Most affected communities are aware by now of case Quality Built Homes v. Town of Carthage, in which the North Carolina Supreme Court generally found that cities, counties, and towns do not have broad legal authority to charge up-front water and sewer fees to developers to fund future system improvements (and any brief summary of the case will be overly broad). Many local governments are working to re-cast their fee structures and bracing themselves for claims for refunds, and the League of Municipalities has a goal to seek legislation to address the problems arising from the case (look under the “Public Infrastructure” goal in the linked material).
We won’t address the substance of the case – if you want more information on that, start with this detailed blog post from the School of Government. But with many localities working on (or at least thinking about) the continuing disclosure filings that are due January 31, we wanted to address the possible effect of the Carthage case on a variety of local government disclosure issues.
The good news is that the Carthage case probably won’t require any specific treatment in your continuing disclosure filings. You need to check the specific terms of your disclosure commitment, but there’s nothing in either the terms of the specific federal rule requiring the disclosure or the LGC’s standard form undertaking that would require specific discussion – and this will be true even if you have an active request for refund, and even if that request matures into litigation. Here’s the text of the disclosure rule, and here’s a helpful summary of the requirements.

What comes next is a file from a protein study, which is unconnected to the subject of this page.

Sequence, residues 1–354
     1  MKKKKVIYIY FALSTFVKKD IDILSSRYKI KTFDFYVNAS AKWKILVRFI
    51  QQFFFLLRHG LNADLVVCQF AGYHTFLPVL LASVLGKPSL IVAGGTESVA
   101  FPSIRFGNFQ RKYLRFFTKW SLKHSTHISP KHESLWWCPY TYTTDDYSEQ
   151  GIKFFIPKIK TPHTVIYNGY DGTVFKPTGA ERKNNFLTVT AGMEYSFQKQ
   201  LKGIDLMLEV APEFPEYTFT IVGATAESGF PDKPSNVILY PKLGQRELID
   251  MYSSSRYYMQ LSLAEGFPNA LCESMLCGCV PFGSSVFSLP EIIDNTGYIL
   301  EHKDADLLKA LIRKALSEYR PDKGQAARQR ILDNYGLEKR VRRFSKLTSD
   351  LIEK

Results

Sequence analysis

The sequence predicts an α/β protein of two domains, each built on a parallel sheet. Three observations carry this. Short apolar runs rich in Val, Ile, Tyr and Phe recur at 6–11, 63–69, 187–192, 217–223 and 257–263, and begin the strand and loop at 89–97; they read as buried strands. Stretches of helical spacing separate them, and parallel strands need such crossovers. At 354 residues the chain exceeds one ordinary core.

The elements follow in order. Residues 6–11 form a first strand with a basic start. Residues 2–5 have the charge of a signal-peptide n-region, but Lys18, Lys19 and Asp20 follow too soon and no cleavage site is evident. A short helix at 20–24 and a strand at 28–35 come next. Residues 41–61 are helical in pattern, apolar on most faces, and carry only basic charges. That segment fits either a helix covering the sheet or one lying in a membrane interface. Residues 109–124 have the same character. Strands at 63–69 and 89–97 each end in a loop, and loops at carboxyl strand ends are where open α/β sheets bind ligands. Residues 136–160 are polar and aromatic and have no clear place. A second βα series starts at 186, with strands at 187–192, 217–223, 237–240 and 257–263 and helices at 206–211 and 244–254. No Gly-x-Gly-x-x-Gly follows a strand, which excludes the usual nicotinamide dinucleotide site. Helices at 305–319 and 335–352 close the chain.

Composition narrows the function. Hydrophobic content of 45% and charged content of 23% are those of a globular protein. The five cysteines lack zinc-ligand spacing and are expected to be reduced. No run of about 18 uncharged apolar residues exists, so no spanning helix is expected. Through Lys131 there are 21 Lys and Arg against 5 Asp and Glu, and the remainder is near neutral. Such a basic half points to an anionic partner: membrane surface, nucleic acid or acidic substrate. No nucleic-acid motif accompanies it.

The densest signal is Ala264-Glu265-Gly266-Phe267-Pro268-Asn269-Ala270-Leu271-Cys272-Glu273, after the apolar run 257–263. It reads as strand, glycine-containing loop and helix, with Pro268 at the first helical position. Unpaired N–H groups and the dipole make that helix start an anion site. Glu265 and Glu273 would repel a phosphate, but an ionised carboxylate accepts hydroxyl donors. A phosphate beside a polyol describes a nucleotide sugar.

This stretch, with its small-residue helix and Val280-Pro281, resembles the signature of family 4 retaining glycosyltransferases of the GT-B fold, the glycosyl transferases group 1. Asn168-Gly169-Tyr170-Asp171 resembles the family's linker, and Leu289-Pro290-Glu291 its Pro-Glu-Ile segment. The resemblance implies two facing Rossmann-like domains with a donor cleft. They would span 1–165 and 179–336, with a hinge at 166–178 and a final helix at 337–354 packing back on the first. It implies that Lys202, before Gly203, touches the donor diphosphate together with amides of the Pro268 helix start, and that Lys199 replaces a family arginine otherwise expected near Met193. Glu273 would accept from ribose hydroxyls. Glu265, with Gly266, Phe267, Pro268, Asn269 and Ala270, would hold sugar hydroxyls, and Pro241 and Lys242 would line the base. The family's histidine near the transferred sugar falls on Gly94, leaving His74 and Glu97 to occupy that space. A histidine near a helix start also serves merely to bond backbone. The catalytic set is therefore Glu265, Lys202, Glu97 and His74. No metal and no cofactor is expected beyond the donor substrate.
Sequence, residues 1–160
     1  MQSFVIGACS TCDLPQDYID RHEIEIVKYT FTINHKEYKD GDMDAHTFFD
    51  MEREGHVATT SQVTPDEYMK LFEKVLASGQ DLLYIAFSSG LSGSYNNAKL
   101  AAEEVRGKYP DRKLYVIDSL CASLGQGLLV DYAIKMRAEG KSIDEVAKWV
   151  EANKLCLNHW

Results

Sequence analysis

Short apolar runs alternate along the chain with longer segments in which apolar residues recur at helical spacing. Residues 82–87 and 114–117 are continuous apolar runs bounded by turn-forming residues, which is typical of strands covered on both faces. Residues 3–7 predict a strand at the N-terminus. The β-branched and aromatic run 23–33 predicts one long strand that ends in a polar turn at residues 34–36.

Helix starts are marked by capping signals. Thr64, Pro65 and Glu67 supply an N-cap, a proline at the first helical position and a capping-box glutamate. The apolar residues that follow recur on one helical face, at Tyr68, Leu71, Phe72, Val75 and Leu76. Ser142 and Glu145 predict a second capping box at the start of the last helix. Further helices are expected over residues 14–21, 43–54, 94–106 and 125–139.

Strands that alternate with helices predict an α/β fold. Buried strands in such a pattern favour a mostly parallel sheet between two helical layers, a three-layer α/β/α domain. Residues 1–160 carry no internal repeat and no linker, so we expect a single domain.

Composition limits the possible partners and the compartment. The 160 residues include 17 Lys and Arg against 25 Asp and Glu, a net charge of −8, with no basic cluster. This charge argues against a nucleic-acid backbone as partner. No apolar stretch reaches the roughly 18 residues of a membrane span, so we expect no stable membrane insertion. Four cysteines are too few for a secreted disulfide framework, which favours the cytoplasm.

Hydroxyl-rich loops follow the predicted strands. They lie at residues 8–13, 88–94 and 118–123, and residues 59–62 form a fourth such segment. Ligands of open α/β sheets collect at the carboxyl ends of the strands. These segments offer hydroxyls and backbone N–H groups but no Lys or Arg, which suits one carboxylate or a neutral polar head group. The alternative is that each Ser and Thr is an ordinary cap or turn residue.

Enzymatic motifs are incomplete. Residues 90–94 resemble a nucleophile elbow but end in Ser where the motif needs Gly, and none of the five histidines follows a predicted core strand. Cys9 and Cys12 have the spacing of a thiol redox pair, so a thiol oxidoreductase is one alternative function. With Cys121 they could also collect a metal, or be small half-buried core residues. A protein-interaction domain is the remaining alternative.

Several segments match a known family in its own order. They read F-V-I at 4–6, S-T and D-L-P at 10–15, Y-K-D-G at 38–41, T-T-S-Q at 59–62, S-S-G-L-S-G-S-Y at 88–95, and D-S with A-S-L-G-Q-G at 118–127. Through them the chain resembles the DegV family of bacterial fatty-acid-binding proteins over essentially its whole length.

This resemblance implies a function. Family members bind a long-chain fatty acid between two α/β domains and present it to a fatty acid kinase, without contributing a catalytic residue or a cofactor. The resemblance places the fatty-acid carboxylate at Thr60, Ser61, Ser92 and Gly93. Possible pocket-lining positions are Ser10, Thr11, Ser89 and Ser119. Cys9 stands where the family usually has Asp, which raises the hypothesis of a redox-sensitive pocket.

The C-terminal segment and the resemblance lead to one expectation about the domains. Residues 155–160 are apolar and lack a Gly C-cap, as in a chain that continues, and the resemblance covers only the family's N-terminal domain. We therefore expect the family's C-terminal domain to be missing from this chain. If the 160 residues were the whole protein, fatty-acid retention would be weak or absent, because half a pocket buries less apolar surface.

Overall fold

On the other hand, if you are working on a new bond offering document, especially one that involves financing for your water and sewer system, you may well need to make mention of the effects of the Carthage case. This could include, for example, discussing any changes you are planning for your system of rates, fees and charges, and disclosing any pending or threatened litigation that could be material to your financial condition.
When a locality closes a bank placement financing, the locality is often asked to make representations about adverse litigation and about other events with a possible material negative financial effect. We think a government would be well advised to modify the standard closing representations with a mention of any actual challenges or claims for refund that you have, or expect, as well as a general reference to the case and its possible, even if unquantifiable, effects.
We are always happy to talk more about the subjects of our blog posts – let us know if we can help. Please see our disclaimer and please click here for more information about our public finance practice.